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by Kevin Coupe

I've been thinking about the notion of personal mortality lately.

There is the old saying, "Nothing sharpens the mind like the sight of the hangman's noose," and I think that's probably a good thing. We all face the noose, whether natural or unnatural, at some time or another and in some way or another, and it is good to keep it in mind ... not because we want to become obsessed with death, but because it can make us think more about life.

It is like the line from The Shawshank Redemption: "Get busy living, or get busy dying."

I'm thinking about it this morning because 26 years ago today, a friend of mine died.

His name was Vic Magnotta.

I first met Vic at Iona Prep, where I was a student (in the loosest possible definition of that word) and he was taught both gym and communications. I wasn't all that great in gym, but I loved his communications class. He taught film and TV production, and I took to it like a duck to water. Vic had worked in the film and television business, following up a stint with the Special Forces in Vietnam with a brief career as a stuntman; he then turned to teaching, as he looked (I think) for some other level of fulfillment in his life.

Vic was the closest thing I've ever had to a mentor. Despite some personal tragedies in his life, he was the most consistently cheerful and optimistic person I've ever met. He wouldn't accept second-best work from me, and after I graduated from Iona and went off to film school, we stayed in touch. He eventually returned to the film business, working as a stuntman, stunt coordinator, producer and second unit director. (If you've ever seen Taxi Driver, you've seen Vic - he plays one of the Secret Service agents in the film, taught Robert DeNiro everything he needed to know about being a veteran, and coordinated all of the stunts.) Among his other credits were Raging Bull, Fort Apache, The Bronx, and The World According to Garp (he played Garp's wrestling coach at the beginning of the film).

Vic and I even tried to develop a couple of film and television projects together, which, even though none of them ever went into production, was enormously fun and satisfying. (He also, in addition to being the stunt coordinator on the film, was head of security for a film called Somebody Killed Her Husband, which was the first feature film for an actress named Farrah Fawcett after she left "Charlie's Angels." He hired me to work on the security detail for the film, thus providing me with a credit that works as a conversation starter even to this day.)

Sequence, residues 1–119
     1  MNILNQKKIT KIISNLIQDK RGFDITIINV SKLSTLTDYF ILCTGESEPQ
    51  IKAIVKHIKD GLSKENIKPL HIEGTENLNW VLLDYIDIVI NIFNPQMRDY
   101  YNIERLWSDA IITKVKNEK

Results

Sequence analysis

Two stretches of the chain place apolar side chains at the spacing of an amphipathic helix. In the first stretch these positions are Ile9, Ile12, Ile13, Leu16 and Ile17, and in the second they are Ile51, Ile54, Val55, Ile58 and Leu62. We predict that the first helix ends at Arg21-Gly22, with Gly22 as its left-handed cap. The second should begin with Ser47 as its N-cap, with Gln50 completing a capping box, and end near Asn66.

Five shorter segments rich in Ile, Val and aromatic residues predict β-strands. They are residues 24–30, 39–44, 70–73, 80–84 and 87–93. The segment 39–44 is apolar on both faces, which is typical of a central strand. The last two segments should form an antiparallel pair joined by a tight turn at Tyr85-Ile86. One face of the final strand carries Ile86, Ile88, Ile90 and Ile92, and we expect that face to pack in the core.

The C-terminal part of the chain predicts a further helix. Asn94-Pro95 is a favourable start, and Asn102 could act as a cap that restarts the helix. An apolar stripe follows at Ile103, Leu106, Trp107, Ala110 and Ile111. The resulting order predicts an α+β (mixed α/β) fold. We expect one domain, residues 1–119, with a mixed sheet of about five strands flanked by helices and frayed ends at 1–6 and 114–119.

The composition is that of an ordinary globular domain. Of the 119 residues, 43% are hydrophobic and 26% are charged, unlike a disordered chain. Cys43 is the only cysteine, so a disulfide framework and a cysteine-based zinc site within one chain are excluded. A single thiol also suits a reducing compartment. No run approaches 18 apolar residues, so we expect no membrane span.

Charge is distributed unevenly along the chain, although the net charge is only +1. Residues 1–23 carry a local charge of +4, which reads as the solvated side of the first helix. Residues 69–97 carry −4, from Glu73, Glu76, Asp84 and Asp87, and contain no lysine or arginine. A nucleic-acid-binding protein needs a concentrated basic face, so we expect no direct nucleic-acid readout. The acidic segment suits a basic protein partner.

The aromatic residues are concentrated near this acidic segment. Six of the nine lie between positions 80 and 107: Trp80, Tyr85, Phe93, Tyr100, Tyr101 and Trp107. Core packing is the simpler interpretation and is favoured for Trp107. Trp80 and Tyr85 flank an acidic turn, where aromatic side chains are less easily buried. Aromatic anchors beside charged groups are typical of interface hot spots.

Twenty-six years ago, Vic was doing what should have been a minor stunt in a forgettable movie called The Squeeze. (You have to pay the mortgage, y'know.) He was supposed to drive a car off a pier in Hoboken, New Jersey, into the Hudson River.

Vic used to say that stuntmen are the farthest thing in the world from daredevils, because they believe in meticulous planning for every possible eventuality. In this case, the car was carefully rigged. Vic was strapped in so that he'd be safe. The car frame was reinforced, and the windshield was set so that once the car was submerged, he'd be able to kick it out, unstrap himself and swim to the surface. There was a team of divers in the water, waiting for him, just in case.

Except that, despite all the preparations, something happened when the car hit the water. The windshield immediately gave, slamming in against Vic, instantly breaking his neck and killing him.

He was 43.

Twenty-six years ago, I woke up to the all-news radio station and heard a report that "a stuntman has been killed doing a stunt by the Hudson River." Somehow, even though I did not know that Vic was working on the film or that he was doing a stunt that night, I knew it was him.

A few days later, the funeral took place in a church that was packed to the rafters with people who knew Vic from all walks of his life. From the film business. From his time as a teacher. From when he'd considered the priesthood. There were former football players he'd coached. And there were people who'd worked with him in various charitable pursuits. There were dozens, perhaps hundreds, of people just like me, who were better men because they'd known Vic, and because he'd challenged us to try new things, to embrace life no matter what curves it would throw at us.

I suspect that more than a few people who were in the church that day, or who had known Vic during the four decades into which he packed an amazing amount of living, did what I did - in 1989, when my second son was born, we named him Brian Victor. It seemed like the least we could do.

In the New York Times obituary, Vic was described as "the consummate movie stunt man. He drove cars off bridges, turned flips on horseback, rappelled down the sides of burning buildings and scrambled up 100-foot masts on tall ships. He was known as 'the Bear.'."

To this day, on my dresser, there is a small stuffed bear that he owned, and that his mom gave me after he died. And on my office wall is the picture that you see, above.

I have no idea whether Vic ever thought about the metaphorical hangman's noose, though I suspect that having served in Vietnam and then being in the business he was in, it had to cross his mind from time to time. But he certainly lived his life and conducted his business as if he knew it were there, lurking in the shadows, and that the time we are given is to be savored and exploited - in the best possible sense of that word - to the fullest.

That's today's lesson, and today's Eye-Opener.

To get busy living, like there is no tomorrow.
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